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The 1600SW is a widescreen flat panel video monitor from Silicon Graphics introduced in 1998. It won many awards after release and sold 54,000 units. It is notable for longevity, with used models still actively traded on eBay a decade later, despite the difficulty of adapting the monitor to run with modern video cards, due to the 1600SW's OpenLDI video interface.

Formac sold the same monitor bundled with its own OpenLDI graphics adapter as Formac ProVitron 18/500. Radius sold the monitor as the Article which differed mainly in having a translucent white case and a conventional mount. SGI sold the monitor primarily under Model #AM173Y01.

The 1600SW was revolutionary for its time, featuring a 17.3 inch diagonal wide screen panel in a market then dominated by CRT monitors. The 1600SW had a 16:10 aspect ratio (referred to by SGI as SuperWide) with a resolution of 1600 x 1024 pixels. The refresh rate was 60 Hz in 24-bit color and 110 dpi (which makes for a smaller dot pitch than most competitive monitors). The 1600SW shared the same styling motif as the SGI Visual Workstation 320, 540 and O2, with a unique (and troublesome) off-center mount. The display won a dozen international awards and despite its age, it still compares well to modern displays produced a decade later. At introduction the 1600SW cost in the neighborhood of $2500.


Complete list of PCI Video Cards with an 1600SW connector

  • Formac ProFormance 3 (special version with OpenLDI)
  • Number Nine Revolution IV (special version with OpenLDI)
  • 3D Labs Oxygen VX1-1600SW

Monitor switches for OpenLDI

There is a 4-way monitor switch by Dr. Bott called MoniSwitch Pro LDI that allows sharing OpenLDI display among 4 computers, each of which must be equipped with an OpenLDI graphics adapter.

Adapting the 1600SW to Modern Video Cards

OpenLDI is rarely used today, as all popular home and office LCD panel monitors use a Digital Visual Interface (DVI) or VGA standard connector. There are several companies that make adapter boxes which allow continued use of these older displays. All of these adapters were developed for the 1600SW monitor:

  • SGI Multilink Adapter (VGA or DVI) (discontinued)
  • Dr. Bott SGI-Saver (DVI) (discontinued)
  • PIXsolution PIX-Link 1600SW (DVI) (discontinued)
  • GFX-1600SW sold by Niktec (DVI adapter, in passive PCI form factor, also sold built in to 1600SW monitors)

SGI referred to video cards that support the 1600SW's 1600 x 1024 resolution as Super Wide Savvy. Most modern cards have no trouble with this resolution, but on PC based machines, problems and screen distortion can exist during system boot. Apple Macintoshes boot directly into the proper resolution. Thus, with a little work, the 1600SW can be adapted to almost any modern computer.

Multilink Adapter

Main article MLA

Multi-Link Adapter (for 1600SW)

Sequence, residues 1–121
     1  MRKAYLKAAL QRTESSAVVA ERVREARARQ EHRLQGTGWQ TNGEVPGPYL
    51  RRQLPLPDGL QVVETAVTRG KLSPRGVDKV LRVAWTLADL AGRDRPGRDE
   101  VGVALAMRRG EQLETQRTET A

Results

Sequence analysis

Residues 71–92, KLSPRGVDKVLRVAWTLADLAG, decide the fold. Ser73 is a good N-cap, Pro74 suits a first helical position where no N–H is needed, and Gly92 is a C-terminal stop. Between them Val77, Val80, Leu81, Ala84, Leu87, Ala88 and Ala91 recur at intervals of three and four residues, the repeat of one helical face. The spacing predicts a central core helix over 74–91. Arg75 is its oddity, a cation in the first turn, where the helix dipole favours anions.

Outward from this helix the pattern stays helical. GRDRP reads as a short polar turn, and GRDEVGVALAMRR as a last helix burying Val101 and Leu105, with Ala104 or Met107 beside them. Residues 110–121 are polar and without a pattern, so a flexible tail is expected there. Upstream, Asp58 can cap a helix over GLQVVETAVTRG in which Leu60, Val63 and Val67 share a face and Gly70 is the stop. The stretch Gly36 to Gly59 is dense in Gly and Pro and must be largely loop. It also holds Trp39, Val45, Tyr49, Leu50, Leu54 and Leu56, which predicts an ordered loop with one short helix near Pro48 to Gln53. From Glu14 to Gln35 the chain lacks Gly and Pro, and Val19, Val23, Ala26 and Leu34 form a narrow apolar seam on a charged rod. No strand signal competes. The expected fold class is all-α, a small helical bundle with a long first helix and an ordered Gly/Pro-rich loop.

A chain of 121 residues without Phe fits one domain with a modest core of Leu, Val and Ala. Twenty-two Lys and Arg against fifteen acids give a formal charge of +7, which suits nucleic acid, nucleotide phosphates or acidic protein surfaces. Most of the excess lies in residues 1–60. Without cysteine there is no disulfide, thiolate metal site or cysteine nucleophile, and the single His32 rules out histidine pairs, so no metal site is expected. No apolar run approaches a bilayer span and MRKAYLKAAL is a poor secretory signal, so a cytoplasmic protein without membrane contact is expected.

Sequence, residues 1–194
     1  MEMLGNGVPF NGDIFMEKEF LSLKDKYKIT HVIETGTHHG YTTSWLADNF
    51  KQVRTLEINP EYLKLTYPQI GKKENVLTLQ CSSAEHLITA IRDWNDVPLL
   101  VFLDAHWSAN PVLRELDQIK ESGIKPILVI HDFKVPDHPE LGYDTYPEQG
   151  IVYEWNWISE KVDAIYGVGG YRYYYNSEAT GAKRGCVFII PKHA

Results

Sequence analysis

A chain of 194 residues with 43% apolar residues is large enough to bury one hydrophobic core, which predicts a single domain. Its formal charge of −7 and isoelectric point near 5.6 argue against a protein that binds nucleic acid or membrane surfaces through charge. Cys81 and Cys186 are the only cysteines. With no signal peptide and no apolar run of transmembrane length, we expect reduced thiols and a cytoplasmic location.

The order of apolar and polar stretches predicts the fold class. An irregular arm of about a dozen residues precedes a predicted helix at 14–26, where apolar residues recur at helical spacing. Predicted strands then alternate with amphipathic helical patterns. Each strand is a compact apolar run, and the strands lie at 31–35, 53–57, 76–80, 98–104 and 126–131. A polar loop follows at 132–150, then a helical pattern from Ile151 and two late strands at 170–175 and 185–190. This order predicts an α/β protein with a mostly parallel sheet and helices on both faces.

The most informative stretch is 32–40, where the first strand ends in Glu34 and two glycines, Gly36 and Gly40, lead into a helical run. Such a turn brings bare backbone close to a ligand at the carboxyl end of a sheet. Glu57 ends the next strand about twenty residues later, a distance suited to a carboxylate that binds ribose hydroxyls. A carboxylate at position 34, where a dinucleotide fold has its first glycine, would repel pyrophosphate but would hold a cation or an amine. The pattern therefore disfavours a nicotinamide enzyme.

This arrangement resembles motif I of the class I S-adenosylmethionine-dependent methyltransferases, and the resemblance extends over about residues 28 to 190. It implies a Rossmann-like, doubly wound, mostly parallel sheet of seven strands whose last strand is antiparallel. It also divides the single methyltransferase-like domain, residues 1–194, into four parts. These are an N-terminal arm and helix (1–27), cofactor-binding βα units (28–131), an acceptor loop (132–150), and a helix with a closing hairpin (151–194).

Opening a MLA from packaging:

SGI Product description on MLAs


Post on replacing capacitors http://forums.nekochan.net/viewtopic.php?f=3&t=16725932 The MLA I bought was generating hissing noise from one of capacitors, and I saw distortion lines on the screen, replacing capacitors solved both issues.


Reporting full success, the capacitors are: Sanyo OS-CON 6SVP220M and 16SVP100M, I had no trouble ordering perfectly matching ones from http://www.logic-d.net/ (Japanese), it cost me some 147 and 273 JPY respectively a piece (ordered 3 of each just in case). Datasheets (in Japanese) are here: http://www.edc.sanyo.com/pdf/oscon/J32_33.pdf (the form factor matching the ones from MLA is F8).

Replaced them just now and the monitor works flawlessly, no hissing noise, and no noise lines in the picture either.

Looking at the board closely, it seems it may be possible to mod the MLA to accept ordinary 5V (with enough current) and simply get rid of all those capacitors, voltage regulators etc. I'm pretty sure there's no special reason for those other than being able to use the same power supply as in 1600SW...

It also makes me wonder what is the second power socket for - it's not soldered anywhere, but I checked and the respective pins are short with the same pins in the working one... (for a moment I thought that may have been direct 5V input - but it doesn't seem so).

One important point - my cheapo (sparkfun) 30W soldering iron was not really able to melt the existing solder - it's very likely SGI used lead-free solder with some relatively high melting point (could be even 20C above ordinary). So even though my soldering works I will need to resolder them again with better iron to ensure good contact (I have Weller stashed somewhere in my office so this won't take long). Also, the original capacitors are soldered ALL THE WAY along the contact pins (underneath too), so depending on your iron you may simply end up ripping part of it away from the board - and with an ordinary soldering method you will not be able to resolder it in exact same way (unless you have SMD kit).. The original capacitors have this little (red in my case) glue which holds them during manufacturing process - this one can be scraped off easily with any sharp object, you don't really need to apply any new glue, but it is helpful if the capacitor doesn't move while you solder

External links

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